Wine Importing and Marketing Services

The Right Coffee for Every Java-Spiked Cocktail


Interest in caffeinated concoctions continues to rise due to timeless cocktails like the creamy, hot-cold Irish coffee and invigorating espresso martini. But not all these drinks benefit from the same type of coffee application, roast or tasting notes.  

The array of specialty coffee beans on the market is staggering, each flaunting a distinctive set of characteristics. Selecting which variety to incorporate into a cocktail is just as overwhelming (and important) as deciding what goes into the morning French press.  

Here, experts break down exactly what kind of coffee to use for all of your java cocktails. 

What Is the Best Coffee to Use in Your Cocktail?    

Cocktail recipes most often call for either freshly brewed coffee or espresso, says Gabe Sanchez, general manager at Midnight Rambler in Dallas and the type of coffee you choose is vital to the success of the finished product.  

“While the flavor profiles aren’t going to come through like they would if you are drinking a fresh pour-over, they are still going to add to the cocktail or muddle the flavor you are working toward,” explains Sanchez.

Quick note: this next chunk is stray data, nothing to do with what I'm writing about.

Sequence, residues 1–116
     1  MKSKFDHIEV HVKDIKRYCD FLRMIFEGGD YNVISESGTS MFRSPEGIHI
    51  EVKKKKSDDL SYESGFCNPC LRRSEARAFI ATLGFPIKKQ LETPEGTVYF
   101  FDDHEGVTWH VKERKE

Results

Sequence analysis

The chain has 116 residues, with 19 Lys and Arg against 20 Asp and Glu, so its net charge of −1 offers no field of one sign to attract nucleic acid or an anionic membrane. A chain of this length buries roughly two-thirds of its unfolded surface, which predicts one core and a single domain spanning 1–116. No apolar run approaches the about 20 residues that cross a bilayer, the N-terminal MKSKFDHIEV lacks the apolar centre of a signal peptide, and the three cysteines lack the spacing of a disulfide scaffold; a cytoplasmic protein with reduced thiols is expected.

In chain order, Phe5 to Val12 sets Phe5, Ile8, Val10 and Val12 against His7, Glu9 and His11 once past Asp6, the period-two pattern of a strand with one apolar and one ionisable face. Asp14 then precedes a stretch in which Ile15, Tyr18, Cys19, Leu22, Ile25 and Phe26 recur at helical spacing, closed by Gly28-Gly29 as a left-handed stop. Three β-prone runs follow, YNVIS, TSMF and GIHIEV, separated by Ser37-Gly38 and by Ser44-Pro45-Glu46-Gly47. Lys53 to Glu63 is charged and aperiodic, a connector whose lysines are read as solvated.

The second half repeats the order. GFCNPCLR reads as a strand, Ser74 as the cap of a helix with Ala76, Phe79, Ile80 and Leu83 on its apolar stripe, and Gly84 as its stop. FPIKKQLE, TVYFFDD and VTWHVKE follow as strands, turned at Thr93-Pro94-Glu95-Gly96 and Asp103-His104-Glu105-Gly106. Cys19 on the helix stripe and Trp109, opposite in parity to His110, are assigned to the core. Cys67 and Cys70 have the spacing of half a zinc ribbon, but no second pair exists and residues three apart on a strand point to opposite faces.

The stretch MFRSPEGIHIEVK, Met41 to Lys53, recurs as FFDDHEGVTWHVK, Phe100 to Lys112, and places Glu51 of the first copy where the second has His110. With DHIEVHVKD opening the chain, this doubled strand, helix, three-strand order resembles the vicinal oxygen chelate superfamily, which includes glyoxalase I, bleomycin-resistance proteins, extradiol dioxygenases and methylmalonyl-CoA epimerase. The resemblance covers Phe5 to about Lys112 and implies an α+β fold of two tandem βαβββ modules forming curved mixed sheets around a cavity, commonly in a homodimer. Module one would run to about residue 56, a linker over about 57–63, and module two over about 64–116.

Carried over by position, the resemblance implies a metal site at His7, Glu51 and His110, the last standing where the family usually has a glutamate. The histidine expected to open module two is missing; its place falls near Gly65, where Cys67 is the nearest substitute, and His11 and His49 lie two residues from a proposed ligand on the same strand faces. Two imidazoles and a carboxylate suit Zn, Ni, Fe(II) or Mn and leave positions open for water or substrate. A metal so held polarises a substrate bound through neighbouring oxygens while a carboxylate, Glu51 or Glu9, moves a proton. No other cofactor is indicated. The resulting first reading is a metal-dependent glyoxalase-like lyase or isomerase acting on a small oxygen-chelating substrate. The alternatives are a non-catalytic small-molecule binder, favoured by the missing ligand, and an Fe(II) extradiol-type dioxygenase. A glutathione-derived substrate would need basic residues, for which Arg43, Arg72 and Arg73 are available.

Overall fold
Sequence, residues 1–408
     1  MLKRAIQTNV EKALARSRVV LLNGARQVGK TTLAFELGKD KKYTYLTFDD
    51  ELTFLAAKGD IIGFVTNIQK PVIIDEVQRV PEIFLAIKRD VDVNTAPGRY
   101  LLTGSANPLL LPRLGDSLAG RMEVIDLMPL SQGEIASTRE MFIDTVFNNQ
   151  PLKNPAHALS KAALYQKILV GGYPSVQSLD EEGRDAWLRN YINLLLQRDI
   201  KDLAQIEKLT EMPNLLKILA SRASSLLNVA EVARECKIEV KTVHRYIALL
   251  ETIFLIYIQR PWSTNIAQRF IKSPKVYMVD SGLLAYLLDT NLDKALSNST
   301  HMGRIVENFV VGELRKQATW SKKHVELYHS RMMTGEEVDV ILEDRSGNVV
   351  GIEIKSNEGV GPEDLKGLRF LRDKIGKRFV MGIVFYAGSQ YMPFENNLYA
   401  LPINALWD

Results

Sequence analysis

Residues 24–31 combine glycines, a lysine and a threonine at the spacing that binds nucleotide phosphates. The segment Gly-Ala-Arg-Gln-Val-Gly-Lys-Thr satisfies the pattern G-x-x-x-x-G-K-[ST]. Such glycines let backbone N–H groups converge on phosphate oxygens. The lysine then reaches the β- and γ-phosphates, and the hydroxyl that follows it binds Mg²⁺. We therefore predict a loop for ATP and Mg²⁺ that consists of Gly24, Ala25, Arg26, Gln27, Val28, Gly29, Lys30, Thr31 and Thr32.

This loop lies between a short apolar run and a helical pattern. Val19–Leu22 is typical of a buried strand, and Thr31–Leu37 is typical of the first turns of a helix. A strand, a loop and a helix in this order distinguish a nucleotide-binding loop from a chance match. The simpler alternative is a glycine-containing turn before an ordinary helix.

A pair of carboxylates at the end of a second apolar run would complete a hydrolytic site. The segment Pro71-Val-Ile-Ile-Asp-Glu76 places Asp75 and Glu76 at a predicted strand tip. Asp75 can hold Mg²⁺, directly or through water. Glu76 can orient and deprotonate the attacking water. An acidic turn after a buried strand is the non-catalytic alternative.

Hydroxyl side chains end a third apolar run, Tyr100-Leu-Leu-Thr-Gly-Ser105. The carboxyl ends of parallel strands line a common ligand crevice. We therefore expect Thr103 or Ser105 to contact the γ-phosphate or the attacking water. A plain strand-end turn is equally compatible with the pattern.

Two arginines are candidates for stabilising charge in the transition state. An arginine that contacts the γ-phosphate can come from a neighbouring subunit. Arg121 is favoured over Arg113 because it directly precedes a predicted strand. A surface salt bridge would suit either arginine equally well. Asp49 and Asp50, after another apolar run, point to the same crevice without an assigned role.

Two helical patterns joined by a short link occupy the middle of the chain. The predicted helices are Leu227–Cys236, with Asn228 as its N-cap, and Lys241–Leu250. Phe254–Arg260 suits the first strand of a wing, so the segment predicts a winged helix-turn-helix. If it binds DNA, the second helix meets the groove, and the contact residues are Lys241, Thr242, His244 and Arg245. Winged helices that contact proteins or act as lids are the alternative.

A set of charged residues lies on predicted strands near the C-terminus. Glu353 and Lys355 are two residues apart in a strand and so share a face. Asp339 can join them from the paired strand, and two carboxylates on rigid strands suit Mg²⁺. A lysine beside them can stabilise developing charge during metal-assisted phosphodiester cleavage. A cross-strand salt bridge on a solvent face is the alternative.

No two brews are alike, so Sanchez advises seeking out a trusty local roaster with staff that has the expertise to differentiate between filter and espresso roasts or explain the qualities of a brew hailing from regions like Guatemala and Yemen. Sanchez personally turns to Dallas-based coffee roaster, Full City Rooster, for advice. The team has helped him discover a penchant for clove and nutty layers in darker roasts and floral ones in softer iterations.  

Lindsey Hawes, the lead bartender at Bar Marilou in New Orleans, takes a similar route. She uses robust coffee blends that won’t succumb to strong spirits like bourbon or tequila and will round out the sweetness of syrups or cordials.  

“I look for lighter and more floral coffees when I want to incorporate a more delicate spirit like Japanese whisky or gin,” she elaborates. “No matter what spirit you’re using, you want to be extra sure to avoid burnt or overly acidic flavors.”   

Of course— always use a fresh brew. “You want to get coffee as close to it being harvested as possible to get the best flavor from the coffee bean,” recommends Aidan Bowie, beverage director at The Dead Rabbit in New York City.